Appeal from the Superior Court of Cook county; the Hon. WALTER
R. O'MALLEY, Judge, presiding. Decree reversed and cause remanded
JUDGE BURKE DELIVERED THE OPINION OF THE COURT.
Helen Tesar and Frank Tesar were married at Chicago on September 30, 1939. Three children were born to them, namely, Frank Joseph, Ronald Spencer and Kenneth Miles. On January 6, 1956, the wife filed a complaint for divorce and other relief, charging that the defendant was guilty of extreme and repeated cruelty on December 16, 1955, and December 30, 1955.
In an answer the defendant denied the charges of cruelty. Following a trial the chancellor entered a decree finding defendant guilty of extreme and repeated cruelty toward the plaintiff without cause or provocation on December 16, 1955, and December 30, 1955, as charged in the complaint, and that plaintiff is a proper person to have the care and custody of the children. The decree dissolved the bonds of matrimony, awarded the care and custody of the children to plaintiff, awarded to plaintiff sole possession and occupancy of the matrimonial domicile of the parties for the use of plaintiff and the children, retained jurisdiction for the purpose of determining permanent alimony, child support, costs, attorney's fees, accrued household bills and the equitable distribution of the realty and personalty owned by the defendant "and/or with plaintiff including savings and deposits in the name of defendant" and directed defendant to pay to plaintiff's attorney the additional sum of $300.
Plaintiff testified that they lived in an apartment of a two-flat building at 8957 South Carpenter Street, Chicago, owned by them "jointly"; that on December 16, 1955, in their apartment the defendant struck her on the head and on December 30, 1955, in their apartment, he awakened the children at 5:00 A.M. and "took a poke" at her that caused her skin to peel; and that he struck her on the head. The only witness called by the plaintiff to corroborate her testimony was Ruby Mack, who testified that she is a tenant of the parties, that she resides "in the top flat" and they reside in the "basement flat." The attention of this witness being called to the date of December 30, 1955, she said that "something awakened us early in the morning, and there was a commotion downstairs"; that the noise awakened her husband and herself; and that in a conversation with the plaintiff that day or the following day the plaintiff told the witness that defendant had struck her. To the question, "Did she tell you where he struck her?" the witness answered, "I believe he knocked her out or something." To the question, "Did you see a mark on her temple?" the witness answered, "Yes." Defendant's attorney had withdrawn from the case and he was not represented. He did not testify.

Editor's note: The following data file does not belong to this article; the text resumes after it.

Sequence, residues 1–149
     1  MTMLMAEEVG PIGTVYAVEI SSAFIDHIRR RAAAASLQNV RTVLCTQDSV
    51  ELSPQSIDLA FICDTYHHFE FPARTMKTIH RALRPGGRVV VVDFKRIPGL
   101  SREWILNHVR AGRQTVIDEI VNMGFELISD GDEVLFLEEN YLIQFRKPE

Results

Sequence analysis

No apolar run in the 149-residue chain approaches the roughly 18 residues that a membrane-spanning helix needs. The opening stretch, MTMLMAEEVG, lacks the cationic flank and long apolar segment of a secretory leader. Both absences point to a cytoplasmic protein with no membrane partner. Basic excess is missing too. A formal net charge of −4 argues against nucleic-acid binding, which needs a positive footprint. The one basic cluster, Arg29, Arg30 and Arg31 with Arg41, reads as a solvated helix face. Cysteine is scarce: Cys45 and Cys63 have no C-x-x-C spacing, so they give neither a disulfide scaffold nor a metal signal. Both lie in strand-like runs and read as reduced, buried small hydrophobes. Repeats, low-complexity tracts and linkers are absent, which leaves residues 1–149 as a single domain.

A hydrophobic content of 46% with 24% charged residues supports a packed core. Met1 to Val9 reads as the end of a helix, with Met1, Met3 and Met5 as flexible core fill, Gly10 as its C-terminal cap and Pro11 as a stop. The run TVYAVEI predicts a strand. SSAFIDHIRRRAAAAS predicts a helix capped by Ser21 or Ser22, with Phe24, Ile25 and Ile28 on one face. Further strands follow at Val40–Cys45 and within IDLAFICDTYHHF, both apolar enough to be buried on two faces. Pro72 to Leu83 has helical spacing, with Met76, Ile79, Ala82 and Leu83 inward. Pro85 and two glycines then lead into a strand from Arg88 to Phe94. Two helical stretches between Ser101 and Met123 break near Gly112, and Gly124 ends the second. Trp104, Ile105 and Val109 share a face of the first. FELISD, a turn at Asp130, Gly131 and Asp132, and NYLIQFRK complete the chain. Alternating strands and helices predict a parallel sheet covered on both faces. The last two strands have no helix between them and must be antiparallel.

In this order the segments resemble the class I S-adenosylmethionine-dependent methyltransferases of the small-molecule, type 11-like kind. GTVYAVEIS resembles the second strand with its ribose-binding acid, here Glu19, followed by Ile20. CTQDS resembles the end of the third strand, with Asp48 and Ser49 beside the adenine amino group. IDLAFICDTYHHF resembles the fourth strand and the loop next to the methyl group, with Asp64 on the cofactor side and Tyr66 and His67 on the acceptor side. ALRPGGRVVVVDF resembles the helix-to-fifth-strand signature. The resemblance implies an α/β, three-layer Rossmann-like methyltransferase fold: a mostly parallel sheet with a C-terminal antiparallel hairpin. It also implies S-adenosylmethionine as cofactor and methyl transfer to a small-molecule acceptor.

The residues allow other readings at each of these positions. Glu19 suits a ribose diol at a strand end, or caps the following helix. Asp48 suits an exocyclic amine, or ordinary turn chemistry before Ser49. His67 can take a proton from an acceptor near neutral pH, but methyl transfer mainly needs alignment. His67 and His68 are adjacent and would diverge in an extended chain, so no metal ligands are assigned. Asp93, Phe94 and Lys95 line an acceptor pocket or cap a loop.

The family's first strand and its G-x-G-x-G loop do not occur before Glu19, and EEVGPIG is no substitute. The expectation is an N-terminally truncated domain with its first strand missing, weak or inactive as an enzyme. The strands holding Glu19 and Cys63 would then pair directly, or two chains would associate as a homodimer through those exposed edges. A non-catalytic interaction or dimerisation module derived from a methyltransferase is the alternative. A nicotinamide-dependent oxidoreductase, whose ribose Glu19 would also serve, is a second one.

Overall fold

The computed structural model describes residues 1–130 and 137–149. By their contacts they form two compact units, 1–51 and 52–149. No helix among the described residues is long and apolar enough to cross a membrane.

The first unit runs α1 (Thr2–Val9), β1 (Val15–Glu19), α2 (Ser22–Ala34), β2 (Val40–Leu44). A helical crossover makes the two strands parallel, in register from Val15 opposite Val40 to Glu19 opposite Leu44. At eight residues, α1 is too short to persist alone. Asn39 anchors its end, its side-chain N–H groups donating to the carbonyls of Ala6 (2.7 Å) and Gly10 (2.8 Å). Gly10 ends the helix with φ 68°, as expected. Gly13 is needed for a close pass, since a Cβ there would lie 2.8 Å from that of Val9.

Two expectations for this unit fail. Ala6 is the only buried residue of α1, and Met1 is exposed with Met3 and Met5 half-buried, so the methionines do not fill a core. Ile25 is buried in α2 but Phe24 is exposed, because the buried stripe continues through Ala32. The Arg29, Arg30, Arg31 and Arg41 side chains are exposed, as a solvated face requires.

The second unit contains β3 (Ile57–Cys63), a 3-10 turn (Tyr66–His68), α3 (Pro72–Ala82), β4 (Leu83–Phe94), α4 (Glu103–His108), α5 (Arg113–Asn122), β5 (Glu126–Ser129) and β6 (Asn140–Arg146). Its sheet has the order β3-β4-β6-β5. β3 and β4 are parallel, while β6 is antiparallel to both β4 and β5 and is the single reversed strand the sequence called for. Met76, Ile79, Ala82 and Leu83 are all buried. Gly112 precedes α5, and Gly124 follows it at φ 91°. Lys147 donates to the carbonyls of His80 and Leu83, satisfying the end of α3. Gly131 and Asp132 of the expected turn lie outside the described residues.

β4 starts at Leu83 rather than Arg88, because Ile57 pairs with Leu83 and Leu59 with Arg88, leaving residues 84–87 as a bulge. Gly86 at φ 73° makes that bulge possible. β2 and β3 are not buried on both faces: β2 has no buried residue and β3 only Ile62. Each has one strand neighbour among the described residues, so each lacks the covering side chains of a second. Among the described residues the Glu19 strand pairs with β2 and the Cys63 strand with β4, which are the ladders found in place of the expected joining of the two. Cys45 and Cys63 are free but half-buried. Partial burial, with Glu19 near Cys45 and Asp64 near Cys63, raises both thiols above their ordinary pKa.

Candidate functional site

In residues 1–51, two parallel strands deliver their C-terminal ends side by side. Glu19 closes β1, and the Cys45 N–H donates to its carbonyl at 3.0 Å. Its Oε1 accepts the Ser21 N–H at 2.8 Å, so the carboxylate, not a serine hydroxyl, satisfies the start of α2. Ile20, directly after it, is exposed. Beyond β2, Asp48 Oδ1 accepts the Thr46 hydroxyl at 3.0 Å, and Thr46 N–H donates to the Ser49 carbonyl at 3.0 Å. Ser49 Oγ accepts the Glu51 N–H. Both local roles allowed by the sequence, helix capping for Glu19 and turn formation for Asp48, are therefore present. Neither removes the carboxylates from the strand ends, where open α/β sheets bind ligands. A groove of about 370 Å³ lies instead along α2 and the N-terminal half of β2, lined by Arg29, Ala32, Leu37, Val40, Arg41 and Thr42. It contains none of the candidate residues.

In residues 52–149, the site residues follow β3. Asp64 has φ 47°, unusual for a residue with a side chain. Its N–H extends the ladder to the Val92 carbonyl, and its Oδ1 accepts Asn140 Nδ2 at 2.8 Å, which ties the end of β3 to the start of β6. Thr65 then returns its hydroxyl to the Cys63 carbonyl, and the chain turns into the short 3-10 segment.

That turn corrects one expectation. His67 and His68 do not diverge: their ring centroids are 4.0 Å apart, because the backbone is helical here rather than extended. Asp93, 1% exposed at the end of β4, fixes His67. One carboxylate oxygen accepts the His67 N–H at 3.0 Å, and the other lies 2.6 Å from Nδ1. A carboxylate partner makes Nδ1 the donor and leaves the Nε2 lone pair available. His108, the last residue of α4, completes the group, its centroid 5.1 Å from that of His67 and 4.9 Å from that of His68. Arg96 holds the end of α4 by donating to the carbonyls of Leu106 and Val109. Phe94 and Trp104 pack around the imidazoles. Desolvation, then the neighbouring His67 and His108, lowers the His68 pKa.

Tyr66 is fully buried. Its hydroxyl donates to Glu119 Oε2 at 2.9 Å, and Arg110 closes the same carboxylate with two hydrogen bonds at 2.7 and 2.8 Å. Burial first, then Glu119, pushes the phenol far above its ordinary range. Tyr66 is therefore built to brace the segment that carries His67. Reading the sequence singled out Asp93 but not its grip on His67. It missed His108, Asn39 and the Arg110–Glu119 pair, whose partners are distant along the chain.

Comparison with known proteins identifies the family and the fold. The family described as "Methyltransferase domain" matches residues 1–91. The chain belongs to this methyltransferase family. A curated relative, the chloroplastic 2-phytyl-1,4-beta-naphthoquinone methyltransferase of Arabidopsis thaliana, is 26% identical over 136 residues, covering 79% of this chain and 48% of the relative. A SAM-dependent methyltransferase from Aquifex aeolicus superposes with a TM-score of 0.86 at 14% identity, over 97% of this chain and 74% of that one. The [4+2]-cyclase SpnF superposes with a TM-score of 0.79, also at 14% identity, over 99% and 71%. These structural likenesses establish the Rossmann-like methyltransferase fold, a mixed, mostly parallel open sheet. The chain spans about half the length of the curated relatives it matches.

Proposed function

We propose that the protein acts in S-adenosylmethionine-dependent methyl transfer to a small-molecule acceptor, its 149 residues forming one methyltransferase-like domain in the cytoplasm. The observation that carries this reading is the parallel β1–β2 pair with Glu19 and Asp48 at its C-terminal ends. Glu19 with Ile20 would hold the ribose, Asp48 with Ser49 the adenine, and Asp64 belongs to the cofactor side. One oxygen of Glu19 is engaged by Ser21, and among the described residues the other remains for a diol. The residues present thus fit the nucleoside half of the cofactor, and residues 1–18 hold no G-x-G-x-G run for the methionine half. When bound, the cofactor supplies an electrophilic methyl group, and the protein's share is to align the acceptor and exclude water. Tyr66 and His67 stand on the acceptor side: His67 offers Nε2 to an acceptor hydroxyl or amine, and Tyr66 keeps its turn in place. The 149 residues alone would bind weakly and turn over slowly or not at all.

[1-3] The complaint charges and the decree found that the defendant on December 16, 1955, did forcibly kick the plaintiff on her body and right thigh. The testimony of plaintiff was that on December 16, 1955, the defendant struck her on the head. There was no corroboration of plaintiff's testimony that defendant struck her on the head on December 16, 1955. The second act of cruelty charged in the complaint is that on December 30, 1955, the defendant struck plaintiff with his clenched fist on her left temple, knocking her against a table and to the floor, and pummeled her about the chest and body with great force and violence. Her testimony in support of this charge was that the defendant awakened the children at 5:00 A.M. and "took a poke" at the plaintiff that caused her skin to peel. The only corroborating evidence is that of Ruby Mack, who testified that on December 30, 1955, she heard a commotion and that on either the same day or the next day she saw a mark on plaintiff and that she told the witness that defendant had struck her. We do not think that plaintiff proved her charge of extreme and repeated cruelty. Slight acts of violence by either spouse are not extreme cruelty within the statute authorizing divorce on such grounds. Amberson v. Amberson, 349 Ill. 249; Aurand v. Aurand, 157 Ill. 321; Coolidge v. Coolidge, 4 Ill. App.2d 205.
There was no attempt to corroborate the alleged first act of cruelty. We have held that a divorce will not be granted upon uncorroborated testimony as to alleged acts of cruelty. Coolidge v. Coolidge, 4 Ill. App.2d 205, 216. In Jackson v. Jackson, 294 Ill. App. 552, the chancellor's finding that the husband was guilty of cruelty was reversed because there was corroboration only as to one of the charges. See also Whitlock v. Whitlock, 268 Ill. 218. The plaintiff failed to sustain her charges of extreme and repeated cruelty and the court erred in entering a decree dissolving the marriage.
The case was submitted and taken by the court on March 4, 1957. The death of the plaintiff on March 25, 1957, was suggested of record. In Danforth v. Danforth, 111 Ill. 236, the court said (243):
"On the reversal of a decree of divorce, the parties will be placed in the position they occupied before the decree was entered, and if one of them has died between the date of the decree of divorce and its reversal, the survivor procuring the reversal will be entitled to all rights of succession or dower, and the like, in the estate of the other, the same as if no divorce had ever been had; but in such case the court need not ordinarily remand the case, as no other decree of divorce can ever be had."
The Danforth case is authority for entering the judgment in this court nunc pro tunc prior to the date of the death of the plaintiff. Therefore this opinion will be entered nunc pro tunc as of March 8, 1957.
For the reasons stated the decree of the Superior Court of Cook County is reversed and the cause is remanded with directions to dismiss the complaint for want of equity.
Decree reversed and cause remanded with directions.
NIEMEYER, P.J. and FRIEND, J., concur.